The proper evaluation of worker productivity is one very important measure in the determination of project status. To have a complete picture of the status of any project there must be some sort of measure of the productivity of the work force. Certainly, one would be interested in the physical progress, the amount of money expended, the amount committed, absenteeism and turnover rates, safety incident rate, supervision to worker ratio, craft distribution, worker density, manpower history, etc. to properly evaluate the status of a project. But one key factor in evaluation of status is worker productivity. There must be some consistent measure of the productivity of the workers on a project in order to frame the complete picture of project status.
Generally, productivity evaluation is focused on the construction craft workers. However, no less important is the productivity of the office design and engineering staff. Having said that, this article is focused on the field construction staff and evaluation of productivity in the field.
Any discussion of construction field labor (worker) productivity must, of necessity, eventually involve the idea of planning the work. Virtually every major project employs the expertise of several planners and schedulers to work the Primavera® scheduling program or some other comparable software. Great effort is placed on getting just the right schedule assembled and in place – with the right number of activities and leveled manpower, etc. However, all too often the schedule has been constructed in a near vacuum with little or no input or review from those who have to make it work in the field.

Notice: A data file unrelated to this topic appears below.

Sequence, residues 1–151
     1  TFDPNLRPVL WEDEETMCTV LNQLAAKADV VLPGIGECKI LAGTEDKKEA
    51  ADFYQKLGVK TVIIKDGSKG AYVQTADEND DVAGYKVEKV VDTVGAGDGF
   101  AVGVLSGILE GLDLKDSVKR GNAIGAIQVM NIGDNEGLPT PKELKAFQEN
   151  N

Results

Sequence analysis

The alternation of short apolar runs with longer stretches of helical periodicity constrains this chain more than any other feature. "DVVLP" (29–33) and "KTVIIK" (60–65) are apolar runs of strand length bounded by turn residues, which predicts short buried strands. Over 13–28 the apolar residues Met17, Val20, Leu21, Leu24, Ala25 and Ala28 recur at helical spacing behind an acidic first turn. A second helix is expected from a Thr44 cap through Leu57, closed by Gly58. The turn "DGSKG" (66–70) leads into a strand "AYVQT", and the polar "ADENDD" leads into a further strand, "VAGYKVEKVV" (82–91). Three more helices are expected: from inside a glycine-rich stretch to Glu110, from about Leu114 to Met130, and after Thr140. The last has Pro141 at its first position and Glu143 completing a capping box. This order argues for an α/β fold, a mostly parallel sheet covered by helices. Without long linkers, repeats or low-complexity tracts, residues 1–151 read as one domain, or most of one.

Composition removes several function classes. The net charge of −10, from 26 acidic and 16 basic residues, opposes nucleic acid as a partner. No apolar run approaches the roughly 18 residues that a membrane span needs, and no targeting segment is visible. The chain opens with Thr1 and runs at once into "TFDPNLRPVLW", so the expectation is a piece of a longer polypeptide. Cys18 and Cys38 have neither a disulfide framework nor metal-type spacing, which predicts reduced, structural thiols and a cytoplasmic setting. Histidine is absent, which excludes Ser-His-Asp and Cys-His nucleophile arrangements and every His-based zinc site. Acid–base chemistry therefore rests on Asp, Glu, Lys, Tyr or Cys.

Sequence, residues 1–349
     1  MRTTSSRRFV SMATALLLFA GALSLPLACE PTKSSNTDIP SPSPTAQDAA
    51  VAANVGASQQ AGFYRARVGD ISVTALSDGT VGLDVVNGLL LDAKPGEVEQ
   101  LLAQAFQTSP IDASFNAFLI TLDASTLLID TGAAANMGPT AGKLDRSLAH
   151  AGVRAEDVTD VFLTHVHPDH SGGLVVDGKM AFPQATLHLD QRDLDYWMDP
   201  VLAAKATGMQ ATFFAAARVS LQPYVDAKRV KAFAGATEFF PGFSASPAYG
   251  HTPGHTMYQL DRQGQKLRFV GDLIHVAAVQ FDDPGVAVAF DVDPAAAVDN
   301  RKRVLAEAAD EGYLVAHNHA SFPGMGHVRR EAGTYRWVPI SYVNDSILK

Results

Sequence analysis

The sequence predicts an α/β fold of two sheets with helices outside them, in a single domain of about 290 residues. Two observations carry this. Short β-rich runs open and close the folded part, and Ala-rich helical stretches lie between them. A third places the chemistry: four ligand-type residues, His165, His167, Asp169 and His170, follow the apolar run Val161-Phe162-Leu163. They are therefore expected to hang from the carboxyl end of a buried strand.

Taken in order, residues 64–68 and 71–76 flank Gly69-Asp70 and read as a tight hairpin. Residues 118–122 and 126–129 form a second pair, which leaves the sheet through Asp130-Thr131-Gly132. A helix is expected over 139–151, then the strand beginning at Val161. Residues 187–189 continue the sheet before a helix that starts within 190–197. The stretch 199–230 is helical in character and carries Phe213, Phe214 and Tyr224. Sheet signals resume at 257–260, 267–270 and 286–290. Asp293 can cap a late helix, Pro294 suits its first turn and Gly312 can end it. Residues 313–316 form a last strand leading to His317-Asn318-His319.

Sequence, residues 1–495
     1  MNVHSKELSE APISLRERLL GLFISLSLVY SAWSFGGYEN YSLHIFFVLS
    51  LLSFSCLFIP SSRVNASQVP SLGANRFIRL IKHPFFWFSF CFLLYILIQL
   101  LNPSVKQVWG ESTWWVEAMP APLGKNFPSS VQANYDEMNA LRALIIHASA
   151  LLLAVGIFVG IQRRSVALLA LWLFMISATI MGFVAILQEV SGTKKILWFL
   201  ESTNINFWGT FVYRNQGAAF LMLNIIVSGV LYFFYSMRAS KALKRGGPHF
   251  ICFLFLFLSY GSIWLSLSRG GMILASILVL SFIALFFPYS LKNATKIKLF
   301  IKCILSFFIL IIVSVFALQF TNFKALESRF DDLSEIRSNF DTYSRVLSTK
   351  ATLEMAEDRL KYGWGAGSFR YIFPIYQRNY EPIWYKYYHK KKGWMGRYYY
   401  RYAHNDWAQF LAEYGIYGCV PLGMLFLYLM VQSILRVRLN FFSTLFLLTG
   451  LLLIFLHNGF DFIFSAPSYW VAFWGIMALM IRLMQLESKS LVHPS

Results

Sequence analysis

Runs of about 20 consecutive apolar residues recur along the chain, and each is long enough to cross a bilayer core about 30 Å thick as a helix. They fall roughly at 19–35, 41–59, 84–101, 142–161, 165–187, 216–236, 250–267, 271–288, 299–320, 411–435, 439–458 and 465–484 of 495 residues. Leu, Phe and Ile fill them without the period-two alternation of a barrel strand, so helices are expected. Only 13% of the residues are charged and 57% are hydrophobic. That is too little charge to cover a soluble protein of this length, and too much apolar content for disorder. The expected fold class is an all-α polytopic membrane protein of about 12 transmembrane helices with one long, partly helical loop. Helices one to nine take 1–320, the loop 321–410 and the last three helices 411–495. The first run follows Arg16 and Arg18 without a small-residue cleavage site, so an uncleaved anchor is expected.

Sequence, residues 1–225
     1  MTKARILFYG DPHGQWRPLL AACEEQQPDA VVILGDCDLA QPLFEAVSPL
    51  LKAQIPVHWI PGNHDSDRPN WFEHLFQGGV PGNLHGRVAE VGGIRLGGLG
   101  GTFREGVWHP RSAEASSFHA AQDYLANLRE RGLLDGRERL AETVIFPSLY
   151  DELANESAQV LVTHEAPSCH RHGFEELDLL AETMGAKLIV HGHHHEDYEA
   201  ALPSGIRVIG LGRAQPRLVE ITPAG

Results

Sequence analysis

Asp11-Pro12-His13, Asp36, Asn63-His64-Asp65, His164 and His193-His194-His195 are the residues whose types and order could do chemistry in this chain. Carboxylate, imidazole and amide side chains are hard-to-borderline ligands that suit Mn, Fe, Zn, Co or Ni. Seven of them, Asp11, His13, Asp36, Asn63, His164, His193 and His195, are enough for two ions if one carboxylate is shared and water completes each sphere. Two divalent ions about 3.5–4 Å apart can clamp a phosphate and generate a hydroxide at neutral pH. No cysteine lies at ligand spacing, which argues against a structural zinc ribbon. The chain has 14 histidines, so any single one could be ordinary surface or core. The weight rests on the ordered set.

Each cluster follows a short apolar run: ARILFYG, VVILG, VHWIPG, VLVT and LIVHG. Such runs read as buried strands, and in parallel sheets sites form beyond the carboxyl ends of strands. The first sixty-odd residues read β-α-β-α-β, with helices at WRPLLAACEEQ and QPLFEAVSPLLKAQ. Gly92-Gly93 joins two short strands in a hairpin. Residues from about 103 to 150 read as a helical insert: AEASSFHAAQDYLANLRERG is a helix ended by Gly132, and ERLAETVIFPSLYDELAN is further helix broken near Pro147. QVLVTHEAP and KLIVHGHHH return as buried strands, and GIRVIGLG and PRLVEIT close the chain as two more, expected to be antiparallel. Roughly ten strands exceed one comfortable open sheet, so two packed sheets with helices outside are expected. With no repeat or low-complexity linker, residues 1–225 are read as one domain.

For the prime contractor [or similarly for Owner/Employer], subcontractor productivity is seemingly not important or relevant. This is particularly true if the subcontractor in question is on a fixed price or fixed unit price contract. However, events that are created by Owner/Employer or Contractor that impact the subcontractor’s productivity create potential liabilities. Further, once the subcontractor discovers the loss, a claim is likely to emerge.
Consequently, positive action is needed. There is a legitimate need for the Owner/Employer and Contractor to be informed. Managerial overlay, visibility and attention are components in the overall project management challenge.
When thinking about various construction sites, even within the US, several differences in the manner in which the exact same work is accomplished in various locations are revealed. In order to properly plan and organize construction activities, the way people work in the specific location under consideration must be understood and incorporated. For example, is it better for productivity for each pipefitter welder to have an assigned stand-alone welding machine? Or possibly, the welder should use a welding machine located in an eight-pack of welders. That question could be strictly a planning matter, or it could be related to the site location and area practice. If one approach is better than the other for the project, area practice may need to be addressed and modified in some way for improved productivity to be realized.
It is important to note that McLaughlin and McLaughlin [M&M] is not a law firm and is not intending to provide legal advice. M&M is a consulting firm providing (among other services) non-legal expertise in dispute resolution and litigation support. The Resource Center is for the convenience of blog visitors and M&M does not offer this for commercial purposes. For further information on M&M services, please see www.McLaughlinandMcLaughlin.com.